Sapient Forms In-House Broadcast Production Group

Content is on the rise in marcom circles. Just yesterday, I wrote, “I believe content is attractive to customers and prospects precisely because it’s not a commercial” in response to Lux Shampoo’s long-form ad.
But that’s not an opinion I share with Sapient Entertainment’s new Director of Entertainment and Executive Producer, Jim Houck. Houck doesn’t want anything to do with branded content. He wants to entertain!
“Branded content is nothing more than a super commercial, or, really long advertising,” says Houck. “The key difference between advertising and entertainment is this; advertising merely asks for money, entertainment pays the viewer back for their time. Entertainment is welcome, causing the door to the consumer’s mind to open, making it a superior vehicle for persuasion,” he adds.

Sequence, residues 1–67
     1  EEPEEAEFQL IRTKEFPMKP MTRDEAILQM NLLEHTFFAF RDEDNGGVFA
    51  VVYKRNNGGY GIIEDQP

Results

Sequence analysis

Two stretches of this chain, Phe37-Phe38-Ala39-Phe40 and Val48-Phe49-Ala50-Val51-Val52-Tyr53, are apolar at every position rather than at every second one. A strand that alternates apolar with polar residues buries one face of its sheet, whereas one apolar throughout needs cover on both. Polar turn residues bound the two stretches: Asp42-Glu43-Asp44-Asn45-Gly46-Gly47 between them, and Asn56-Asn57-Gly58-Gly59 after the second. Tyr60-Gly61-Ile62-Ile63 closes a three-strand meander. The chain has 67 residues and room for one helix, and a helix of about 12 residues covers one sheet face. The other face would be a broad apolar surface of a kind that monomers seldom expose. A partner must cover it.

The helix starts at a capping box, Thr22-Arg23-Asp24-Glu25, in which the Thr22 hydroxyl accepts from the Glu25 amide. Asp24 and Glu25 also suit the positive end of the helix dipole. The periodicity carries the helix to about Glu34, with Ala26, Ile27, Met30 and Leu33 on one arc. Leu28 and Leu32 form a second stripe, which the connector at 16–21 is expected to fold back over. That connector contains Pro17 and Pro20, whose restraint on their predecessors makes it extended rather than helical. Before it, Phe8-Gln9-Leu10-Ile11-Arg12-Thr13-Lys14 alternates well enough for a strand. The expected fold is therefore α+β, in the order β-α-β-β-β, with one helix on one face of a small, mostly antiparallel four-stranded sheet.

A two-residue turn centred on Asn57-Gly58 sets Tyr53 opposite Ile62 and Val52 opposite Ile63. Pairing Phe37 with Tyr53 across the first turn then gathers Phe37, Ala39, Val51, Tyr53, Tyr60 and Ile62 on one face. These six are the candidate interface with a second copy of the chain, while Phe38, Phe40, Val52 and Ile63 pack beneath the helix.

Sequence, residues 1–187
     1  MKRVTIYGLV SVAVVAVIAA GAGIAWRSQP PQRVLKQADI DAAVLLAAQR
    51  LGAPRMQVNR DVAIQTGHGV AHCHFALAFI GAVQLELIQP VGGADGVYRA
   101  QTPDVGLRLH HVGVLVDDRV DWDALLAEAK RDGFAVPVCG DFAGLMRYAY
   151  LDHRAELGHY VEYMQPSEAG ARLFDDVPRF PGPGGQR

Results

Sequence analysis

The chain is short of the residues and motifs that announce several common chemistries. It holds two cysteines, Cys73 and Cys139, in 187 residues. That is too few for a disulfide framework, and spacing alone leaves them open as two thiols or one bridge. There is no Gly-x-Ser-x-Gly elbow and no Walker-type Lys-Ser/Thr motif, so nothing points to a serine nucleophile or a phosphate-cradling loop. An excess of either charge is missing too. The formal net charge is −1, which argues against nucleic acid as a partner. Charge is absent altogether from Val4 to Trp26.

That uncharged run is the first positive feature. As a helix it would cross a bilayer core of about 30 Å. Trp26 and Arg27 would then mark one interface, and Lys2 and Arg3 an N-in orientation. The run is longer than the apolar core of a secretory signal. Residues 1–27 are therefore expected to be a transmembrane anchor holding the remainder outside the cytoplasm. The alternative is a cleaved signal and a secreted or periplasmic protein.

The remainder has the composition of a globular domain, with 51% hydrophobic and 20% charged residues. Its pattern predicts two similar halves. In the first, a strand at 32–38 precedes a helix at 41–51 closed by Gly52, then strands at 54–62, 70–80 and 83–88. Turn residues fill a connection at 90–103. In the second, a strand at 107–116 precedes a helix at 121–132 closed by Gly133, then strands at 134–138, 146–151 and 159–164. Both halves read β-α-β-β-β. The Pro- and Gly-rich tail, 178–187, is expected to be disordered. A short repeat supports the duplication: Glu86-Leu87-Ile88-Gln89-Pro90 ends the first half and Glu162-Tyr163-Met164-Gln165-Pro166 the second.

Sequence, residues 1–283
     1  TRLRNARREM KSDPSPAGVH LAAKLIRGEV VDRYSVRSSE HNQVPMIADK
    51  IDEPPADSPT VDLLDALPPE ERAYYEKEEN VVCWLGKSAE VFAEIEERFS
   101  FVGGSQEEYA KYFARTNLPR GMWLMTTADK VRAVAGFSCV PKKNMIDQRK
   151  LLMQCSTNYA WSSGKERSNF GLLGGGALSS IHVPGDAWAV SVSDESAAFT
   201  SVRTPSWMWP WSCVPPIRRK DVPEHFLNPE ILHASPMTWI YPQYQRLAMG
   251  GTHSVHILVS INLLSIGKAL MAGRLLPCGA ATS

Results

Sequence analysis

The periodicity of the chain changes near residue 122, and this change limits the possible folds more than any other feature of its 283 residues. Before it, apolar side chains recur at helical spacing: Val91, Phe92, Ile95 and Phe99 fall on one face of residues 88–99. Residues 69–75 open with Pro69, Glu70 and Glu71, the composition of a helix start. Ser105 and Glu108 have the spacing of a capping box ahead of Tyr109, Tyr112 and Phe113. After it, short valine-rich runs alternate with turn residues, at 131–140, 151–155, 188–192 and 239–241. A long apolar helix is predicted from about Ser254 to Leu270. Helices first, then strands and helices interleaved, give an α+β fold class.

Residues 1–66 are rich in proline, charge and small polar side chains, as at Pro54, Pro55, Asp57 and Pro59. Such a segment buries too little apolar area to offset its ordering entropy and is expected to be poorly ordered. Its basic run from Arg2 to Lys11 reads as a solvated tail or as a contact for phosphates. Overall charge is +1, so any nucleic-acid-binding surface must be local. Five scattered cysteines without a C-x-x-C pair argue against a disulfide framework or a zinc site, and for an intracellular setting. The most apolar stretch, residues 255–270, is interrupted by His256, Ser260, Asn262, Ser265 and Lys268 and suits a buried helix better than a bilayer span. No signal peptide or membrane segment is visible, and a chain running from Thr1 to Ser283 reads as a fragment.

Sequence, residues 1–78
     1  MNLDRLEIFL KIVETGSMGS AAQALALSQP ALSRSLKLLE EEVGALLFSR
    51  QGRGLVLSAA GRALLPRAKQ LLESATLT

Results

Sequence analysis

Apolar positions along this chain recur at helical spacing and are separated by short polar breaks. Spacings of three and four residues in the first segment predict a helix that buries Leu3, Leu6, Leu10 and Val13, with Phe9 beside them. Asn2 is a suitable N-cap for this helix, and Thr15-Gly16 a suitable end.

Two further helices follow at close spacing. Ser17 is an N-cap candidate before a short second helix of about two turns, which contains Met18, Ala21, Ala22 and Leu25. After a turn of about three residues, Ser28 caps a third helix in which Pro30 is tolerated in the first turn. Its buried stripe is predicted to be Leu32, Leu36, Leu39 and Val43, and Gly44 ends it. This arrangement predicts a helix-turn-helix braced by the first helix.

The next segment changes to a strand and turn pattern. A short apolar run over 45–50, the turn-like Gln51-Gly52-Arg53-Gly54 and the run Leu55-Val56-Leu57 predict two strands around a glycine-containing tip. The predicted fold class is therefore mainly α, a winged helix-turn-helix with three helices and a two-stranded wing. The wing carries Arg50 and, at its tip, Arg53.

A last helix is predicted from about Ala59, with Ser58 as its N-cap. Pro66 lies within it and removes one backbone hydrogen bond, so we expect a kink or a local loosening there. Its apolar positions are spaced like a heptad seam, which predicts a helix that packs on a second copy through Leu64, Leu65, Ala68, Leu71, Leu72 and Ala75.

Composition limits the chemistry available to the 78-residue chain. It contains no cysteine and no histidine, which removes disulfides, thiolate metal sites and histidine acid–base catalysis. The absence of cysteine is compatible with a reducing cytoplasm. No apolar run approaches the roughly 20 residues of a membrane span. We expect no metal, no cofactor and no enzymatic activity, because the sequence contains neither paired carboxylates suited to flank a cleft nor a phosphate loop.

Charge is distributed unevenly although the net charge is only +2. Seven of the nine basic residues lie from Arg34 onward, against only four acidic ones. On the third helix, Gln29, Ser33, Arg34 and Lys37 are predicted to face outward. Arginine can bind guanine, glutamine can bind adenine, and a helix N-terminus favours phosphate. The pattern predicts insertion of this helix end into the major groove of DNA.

Well, I certainly agree that entertainment is a “superior vehicle for persuasion.” That’s why great advertising works and shitty advertising does not.
I don’t want to get lost in competing definitions here, but content is something that presently lacks a concise and universal definition. To me, if the content in question is commissioned by a brand and it’s meant to help that brand sell more stuff, it’s branded content.
Whether it’s Houck’s “entertainment” or my “content” that brands commission, I think there’s a bigger question to answer. Do brand managers want to tell the brand’s story, or the story customers want to hear? In exceptionally rare cases, this will be the same thing. In every other case, the consumers will prefer to hear what interests them most (and will be be grateful to the brands that bring it to them, unadorned).



About David Burn

I wrote my first ad for a political candidate when I was 17 years old. She won her race and I felt the seductive power of advertising for the first time. Today—after working for seven agencies in five states—I am head of brand strategy and creative at Bonehook in Portland, Oregon.